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More important ocean areas for whales and dolphin protection identified

Scientists and observers from many different countries have identified and mapped 36 new Important Marine...

Whale meat fetches record high at Japan auction

Sei whale meat is being sold at a record high in Japan according media reports...

Rescuers find young girl’s body surrounded by dolphins

Reports from South Africa about a tragic drowning off Llandudno beach, Cape Town say that...
The Yushin Maru catcher ship of the Japanese whaling fleet injures a whale with its first harpoon attempt, and takes a further three harpoon shots before finally killing the badly injured fleeing whale. Finally they drowned the mammal beneath the harpooon deck of the ship to kill it.  Southern Ocean.  07.01.2006

Moves to overturn whaling ban rejected

Last week, the 68th meeting of the International Whaling Commission (IWC, the body that regulates...

Animal protection groups call on American travel writers to help protect whales in Iceland

WDC, together with The Animal Welfare Institute (AWI) are calling on the Society of American Travel Writers (SATW) to help protect whales from hunting in Iceland.

The 2014 SATW’s annual conference is taking place in Iceland from September 15–20, 2014, with participants offered the opportunity to visit several of Iceland’s magnificent natural wonders.

These wonders include its whales—of which Icelandic whalers kill hundreds each year, including the endangered fin whale, the second–largest animal on the planet. The Icelandic government recently set quotas that will allow up to 770 fin whales and 1,145 minke whales to be killed over the next five years.

Iceland exports thousands of tonnes of fin whale meat and blubber to Japan, while most minke whales are consumed within Iceland. However, surveys suggest that fewer than 3 percent of Icelanders eat minke whale meat regularly.[1] Much is consumed by curious tourists including, ironically, those who take boat trips to view the whales in the wild.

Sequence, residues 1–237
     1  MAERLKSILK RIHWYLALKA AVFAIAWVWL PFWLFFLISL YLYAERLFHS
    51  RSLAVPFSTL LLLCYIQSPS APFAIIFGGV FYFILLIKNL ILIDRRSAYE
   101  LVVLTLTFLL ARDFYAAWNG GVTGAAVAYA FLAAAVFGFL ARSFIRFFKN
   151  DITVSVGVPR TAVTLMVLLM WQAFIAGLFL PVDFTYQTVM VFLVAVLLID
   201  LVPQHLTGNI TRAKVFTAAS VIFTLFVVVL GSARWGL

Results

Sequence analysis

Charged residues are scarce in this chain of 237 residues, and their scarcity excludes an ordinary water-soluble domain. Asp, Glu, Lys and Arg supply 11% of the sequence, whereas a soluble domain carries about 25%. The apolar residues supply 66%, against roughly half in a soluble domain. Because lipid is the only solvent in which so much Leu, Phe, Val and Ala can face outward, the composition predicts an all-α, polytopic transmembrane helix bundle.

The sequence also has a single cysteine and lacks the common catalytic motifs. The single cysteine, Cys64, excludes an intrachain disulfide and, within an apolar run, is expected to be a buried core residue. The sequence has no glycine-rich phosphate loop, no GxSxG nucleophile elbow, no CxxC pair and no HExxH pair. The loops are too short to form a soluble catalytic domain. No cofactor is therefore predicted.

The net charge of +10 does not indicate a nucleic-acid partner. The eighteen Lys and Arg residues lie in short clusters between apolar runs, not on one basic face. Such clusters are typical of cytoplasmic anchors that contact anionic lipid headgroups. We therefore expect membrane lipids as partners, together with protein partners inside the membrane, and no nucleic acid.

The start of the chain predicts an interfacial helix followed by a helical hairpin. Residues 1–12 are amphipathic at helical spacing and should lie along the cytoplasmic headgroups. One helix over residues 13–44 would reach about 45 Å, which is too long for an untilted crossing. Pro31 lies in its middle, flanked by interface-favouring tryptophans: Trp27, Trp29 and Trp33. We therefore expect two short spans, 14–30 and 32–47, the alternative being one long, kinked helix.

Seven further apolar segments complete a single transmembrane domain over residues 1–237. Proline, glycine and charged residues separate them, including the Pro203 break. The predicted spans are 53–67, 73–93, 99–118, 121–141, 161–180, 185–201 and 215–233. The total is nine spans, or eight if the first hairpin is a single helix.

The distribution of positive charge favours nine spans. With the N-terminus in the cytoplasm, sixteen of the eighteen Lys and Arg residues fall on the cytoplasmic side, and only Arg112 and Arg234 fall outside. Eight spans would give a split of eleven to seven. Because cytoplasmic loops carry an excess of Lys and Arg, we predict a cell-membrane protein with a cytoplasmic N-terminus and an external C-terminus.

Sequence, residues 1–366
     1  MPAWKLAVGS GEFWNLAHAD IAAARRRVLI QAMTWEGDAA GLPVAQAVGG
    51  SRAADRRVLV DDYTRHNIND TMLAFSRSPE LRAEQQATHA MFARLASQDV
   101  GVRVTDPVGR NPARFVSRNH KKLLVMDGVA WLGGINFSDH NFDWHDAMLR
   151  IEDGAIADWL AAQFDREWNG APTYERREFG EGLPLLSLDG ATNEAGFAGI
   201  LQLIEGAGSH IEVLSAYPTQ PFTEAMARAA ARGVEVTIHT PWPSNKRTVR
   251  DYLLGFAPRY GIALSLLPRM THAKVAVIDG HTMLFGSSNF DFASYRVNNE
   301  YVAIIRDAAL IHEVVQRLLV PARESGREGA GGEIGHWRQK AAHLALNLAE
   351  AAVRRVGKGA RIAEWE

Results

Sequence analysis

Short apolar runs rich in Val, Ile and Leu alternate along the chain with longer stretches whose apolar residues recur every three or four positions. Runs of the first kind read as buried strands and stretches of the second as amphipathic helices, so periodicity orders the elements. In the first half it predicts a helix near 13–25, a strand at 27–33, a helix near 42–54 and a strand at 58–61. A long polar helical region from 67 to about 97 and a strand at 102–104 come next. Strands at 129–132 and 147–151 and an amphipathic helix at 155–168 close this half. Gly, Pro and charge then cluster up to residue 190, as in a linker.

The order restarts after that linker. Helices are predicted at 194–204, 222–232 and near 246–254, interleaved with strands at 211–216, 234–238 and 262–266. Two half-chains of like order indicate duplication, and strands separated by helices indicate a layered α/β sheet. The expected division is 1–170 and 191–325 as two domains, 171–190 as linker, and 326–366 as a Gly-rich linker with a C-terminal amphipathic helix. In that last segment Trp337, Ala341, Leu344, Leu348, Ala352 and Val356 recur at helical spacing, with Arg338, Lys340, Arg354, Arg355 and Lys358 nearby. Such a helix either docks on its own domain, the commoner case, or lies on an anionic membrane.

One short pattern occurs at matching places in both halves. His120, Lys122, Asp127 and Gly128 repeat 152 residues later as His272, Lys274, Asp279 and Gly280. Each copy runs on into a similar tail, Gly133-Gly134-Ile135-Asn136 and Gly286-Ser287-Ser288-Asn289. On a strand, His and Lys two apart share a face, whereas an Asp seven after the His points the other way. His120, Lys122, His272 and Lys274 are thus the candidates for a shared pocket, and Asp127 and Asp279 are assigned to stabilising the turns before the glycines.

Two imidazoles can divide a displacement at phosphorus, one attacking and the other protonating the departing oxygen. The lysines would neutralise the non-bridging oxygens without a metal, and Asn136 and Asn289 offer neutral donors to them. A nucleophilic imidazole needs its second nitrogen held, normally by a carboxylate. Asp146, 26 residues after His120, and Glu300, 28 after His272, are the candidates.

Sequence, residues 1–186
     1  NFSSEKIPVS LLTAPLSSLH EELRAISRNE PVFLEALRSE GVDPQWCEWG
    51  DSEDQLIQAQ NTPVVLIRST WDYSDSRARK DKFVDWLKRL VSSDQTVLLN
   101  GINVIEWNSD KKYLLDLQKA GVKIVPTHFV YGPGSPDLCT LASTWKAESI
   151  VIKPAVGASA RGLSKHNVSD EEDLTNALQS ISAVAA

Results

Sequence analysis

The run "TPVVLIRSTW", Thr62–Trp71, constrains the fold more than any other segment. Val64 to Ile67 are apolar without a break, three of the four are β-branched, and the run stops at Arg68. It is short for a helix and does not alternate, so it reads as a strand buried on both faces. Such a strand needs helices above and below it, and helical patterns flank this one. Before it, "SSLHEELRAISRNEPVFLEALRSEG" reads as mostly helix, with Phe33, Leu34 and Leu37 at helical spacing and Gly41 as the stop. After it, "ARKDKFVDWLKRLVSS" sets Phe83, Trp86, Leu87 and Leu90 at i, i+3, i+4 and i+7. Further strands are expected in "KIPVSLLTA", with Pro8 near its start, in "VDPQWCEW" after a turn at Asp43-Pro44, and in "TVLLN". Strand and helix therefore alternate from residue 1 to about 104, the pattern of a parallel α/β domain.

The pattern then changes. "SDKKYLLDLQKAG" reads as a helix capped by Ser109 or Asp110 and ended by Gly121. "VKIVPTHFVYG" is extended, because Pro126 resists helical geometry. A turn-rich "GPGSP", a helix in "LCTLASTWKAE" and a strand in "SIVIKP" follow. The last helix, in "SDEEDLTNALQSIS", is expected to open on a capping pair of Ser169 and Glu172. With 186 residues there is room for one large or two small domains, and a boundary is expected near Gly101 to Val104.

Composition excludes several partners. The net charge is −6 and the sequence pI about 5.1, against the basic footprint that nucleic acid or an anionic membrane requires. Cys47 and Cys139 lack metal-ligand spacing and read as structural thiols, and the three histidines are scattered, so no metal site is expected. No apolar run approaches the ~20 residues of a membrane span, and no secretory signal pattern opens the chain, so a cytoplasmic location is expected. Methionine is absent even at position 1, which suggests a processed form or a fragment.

Susan Millward, executive director of AWI, states: “we are calling on the SATW to encourage participants at its 2014 conference not to be part of this problem, or to promote it unwittingly in their subsequent travel writing. AWI is encouraging them instead to enjoy a whale-watching trip and dine at the many ‘Whale Friendly’[2] restaurants that have pledged not to serve whale meat.”

Chris Butler-Stroud, chief executive officer of WDC said: “I’m constantly amazed to hear from tourists who have gone straight from a whale watch boat into a restaurant serving whale meat. I’m saddened that the irony of this situation seems to have totally escaped them—and this is where education comes in. WDC calls upon SATW to help raise awareness that tourists are currently part of the problem—but they can equally be part of the solution.”

Millward also alerted SATW’s executive director, Michael Mathy, to the fact that participants should not purchase any whale products to bring back to the United States. Noting a US State Department travel advisory,[3] she warned that: “export of whale products to the United States (and most other countries), even as a tourist souvenir, is illegal; products will be seized, and those carrying them could be subject to significant fines.”

AWI and WDC hope that its warning will encourage travel writers, and the readers they reach, to help save these magnificent and unique creatures.